Los Angeles Times

HIGHLIGHTS of COVERAGE of the GENERAL ELECTION

This page provides a summary of research results for the LA Times’s photographic coverage of the 2012 presidential election and the GOP primaries.

LOS ANGELES TIMES PHOTOS of PRES. BARACK OBAMA* 

Week 1 — Obama/LA Times, Sept. 18, 2012

Week 2 — Obama/LA Times, Oct. 4, 2012

Week 3 — Obama/LA Times, Oct. 16, 2012

As was the case across the media, photos from the debates dominated the LA Times’ coverage, even beyond the breaking-news events.  Most often the candidates appeared in shots with each other, or in split-screen photos showing mirrored expressions.


LOS ANGELES TIMES PHOTOS of GOV. MITT ROMNEY*

Week 1 — Romney/LA Times, Sept. 17, 2012

Week 2 — Romney/LA Times, Oct. 4, 2012

Week 3 — Romney/LA Times, Oct. 16, 2012

When the candidates weren’t appearing in photographs with each other, Romney — even more than Obama — appeared alone.  Unlike during the primaries Romney rarely appeared in photos engaging with supporters.

These six images of Barack Obama and Mitt Romney are a sampling of photos published by the LA Times during the three weeks of the PrezPix study.  Clicking a photo links to the Pinterest board of that photo.

HIGHLIGHTS

  • Researchers pinned 179 photos from the Los Angeles Times over the three week span — 86 photos pinned of Obama, and 93 photos pinned of Romney.
  • The photos of Romney in the LA Times appeared responsive to his poll numbers:  In September, when Romney faced accusations from the leaked “47 percent” video and felt little bounce following the Republican National Convention, most photos of Romney in the LA Times were neutral or mildly negative in tone — Romney appeared somewhat defensive on the podium.   Come the presidential debates in October, however, and coders noted the LA Times selected more dynamic images, depicting Romney with more positive facial expressions and confident hand gestures and body language.
  • Most of the Los Angeles Times’ coverage of the presidential campaign appeared on its home page and its “Politics Now” section; additional articles with photographs appeared at times in the “Opinion” and “Economics” sections.  No videos on the Los Angeles Times site were able to be pinned to Pinterest; researchers also encountered problems pinning certain photos due to the pay wall restrictions.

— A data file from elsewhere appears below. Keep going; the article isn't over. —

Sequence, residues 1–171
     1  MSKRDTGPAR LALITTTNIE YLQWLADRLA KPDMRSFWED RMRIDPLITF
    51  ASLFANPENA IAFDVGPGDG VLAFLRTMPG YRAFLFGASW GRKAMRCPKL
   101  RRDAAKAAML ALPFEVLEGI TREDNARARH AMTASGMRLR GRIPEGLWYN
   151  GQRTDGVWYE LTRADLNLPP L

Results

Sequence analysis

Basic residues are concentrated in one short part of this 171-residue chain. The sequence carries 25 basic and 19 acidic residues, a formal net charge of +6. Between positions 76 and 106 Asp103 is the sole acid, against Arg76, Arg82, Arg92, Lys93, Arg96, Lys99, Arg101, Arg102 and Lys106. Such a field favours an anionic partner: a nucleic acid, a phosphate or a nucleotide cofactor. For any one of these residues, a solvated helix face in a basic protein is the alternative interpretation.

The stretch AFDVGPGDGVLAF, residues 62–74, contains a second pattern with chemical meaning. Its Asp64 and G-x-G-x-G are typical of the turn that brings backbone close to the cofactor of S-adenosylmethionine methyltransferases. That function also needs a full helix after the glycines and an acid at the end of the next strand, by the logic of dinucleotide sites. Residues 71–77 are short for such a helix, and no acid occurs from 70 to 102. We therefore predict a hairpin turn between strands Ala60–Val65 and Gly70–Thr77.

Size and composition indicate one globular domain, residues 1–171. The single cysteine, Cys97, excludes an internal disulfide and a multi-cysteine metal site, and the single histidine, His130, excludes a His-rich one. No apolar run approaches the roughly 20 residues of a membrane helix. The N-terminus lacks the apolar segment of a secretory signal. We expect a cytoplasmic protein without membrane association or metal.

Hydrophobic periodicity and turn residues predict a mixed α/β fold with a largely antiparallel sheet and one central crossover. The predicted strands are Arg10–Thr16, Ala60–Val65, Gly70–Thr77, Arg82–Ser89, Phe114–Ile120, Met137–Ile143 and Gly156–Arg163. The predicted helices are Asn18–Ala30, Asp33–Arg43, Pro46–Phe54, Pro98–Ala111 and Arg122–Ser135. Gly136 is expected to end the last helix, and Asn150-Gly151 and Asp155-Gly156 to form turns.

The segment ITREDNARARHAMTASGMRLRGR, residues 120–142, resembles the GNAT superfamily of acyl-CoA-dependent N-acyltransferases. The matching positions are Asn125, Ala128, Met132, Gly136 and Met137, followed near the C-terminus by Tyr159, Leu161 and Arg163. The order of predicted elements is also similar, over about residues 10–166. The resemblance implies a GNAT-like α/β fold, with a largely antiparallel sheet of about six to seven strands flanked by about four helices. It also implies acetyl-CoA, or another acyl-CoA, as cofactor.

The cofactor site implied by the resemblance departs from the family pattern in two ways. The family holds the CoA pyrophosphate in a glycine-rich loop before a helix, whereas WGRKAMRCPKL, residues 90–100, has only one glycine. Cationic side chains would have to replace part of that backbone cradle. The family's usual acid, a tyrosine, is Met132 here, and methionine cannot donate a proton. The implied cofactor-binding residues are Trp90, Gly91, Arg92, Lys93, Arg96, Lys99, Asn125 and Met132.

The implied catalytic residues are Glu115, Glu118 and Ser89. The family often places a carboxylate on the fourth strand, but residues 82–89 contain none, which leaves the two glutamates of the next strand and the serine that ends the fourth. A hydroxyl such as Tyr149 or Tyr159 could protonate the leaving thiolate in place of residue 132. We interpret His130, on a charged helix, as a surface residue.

POSITIVE / NEGATIVE TONE of PHOTOS

These six pie charts show the percentage of positive — neutral — negative photos of Barack Obama and Mitt Romney from LA Times coded by researchers during the three weeks of the PrezPix study.

Week 1 — LA Times/Obama (15 photos pinned for the week)

Week 2 — LA Times/Obama (34 photos pinned for the week)

Week 3 — LA Times/Obama (37 photos pinned for the week)


Week 1 — LA Times/Romney (23 photos pinned for the week)

Week 2 — LA Times/Romney (42 photos pinned for the week)

Week 3 — LA Times/Romney (28 photos pinned for the week)


  • Sept. 17-23 — In the week prior to the first debate, the Los Angeles Times published* significantly more “positive” photos of Obama than of Romney — many that researchers coded as “very positive.”
  • Oct. 1-7 — In the week of the first debate, researchers recorded a dramatic uptick in the Times‘ publishing of “positive” images of Romney; researchers coded roughly equal numbers of “positive,” “neutral” and “negative” images of both candidates.
  • Oct. 15-21 — The week of the second debate, researchers again noted rough parity in the tone of images.  The major difference with the week of the first debate was a significant rise for both candidates in images coded as “neutral.”


HIGHLIGHTS of COVERAGE of the GOP PRIMARIES

This pie chart shows LATimes.com‘s relative photographic attention to each of the four GOP candidates.

Throughout the GOP primaries of the spring of 2012,  the Los Angeles Times featured a “Politics Now” blog within their U.S. Politics section that hosted most of the outlet’s photographic coverage of the GOP primaries.  Yet, while the LA Times posted several daily photos of Romney and Santorum, waning coverage of Gingrich and Paul left a significant gap in the number of published photographs of the two trailing candidates. This division among the candidates continued, with the LA Times publishing a greater number (and proportion) of photographs of Romney and Santorum mingling with their supporters than of Gingrich and Paul. More than many other news sites, the LA Times selected “unusual” photos of the individual candidates — something other than head shots or “grip-and-grin” photos.  That tendency to look for the different angle, however, may have led, however, to meaningful shifts in the way the LA Times pictured the various candidates.  Coders noted, for example, that the LA Times published more unreservedly positive photos of Romney than of his GOP opponents. In total, researchers  “pinned” to Pinterest 239 photos:  108  photos of Mitt Romney, 86 photographs of Rick Santorum, 38 of Newt Gingrich and 7 photos of Ron Paul.

Clicking on the number of pins in the subheads below links to the Pinterest board of photos of the candidate.

ROMNEY / 108 PINS *

Los Angeles Times — Mitt Romney, AP. 3/20/2012

POSITIVE:  Photos of Mitt Romney in the LA Times showed him in an overwhelmingly positive light — more than half of the pinned photos pictured him laughing, smiling or dynamically speaking with an audience visible in the background.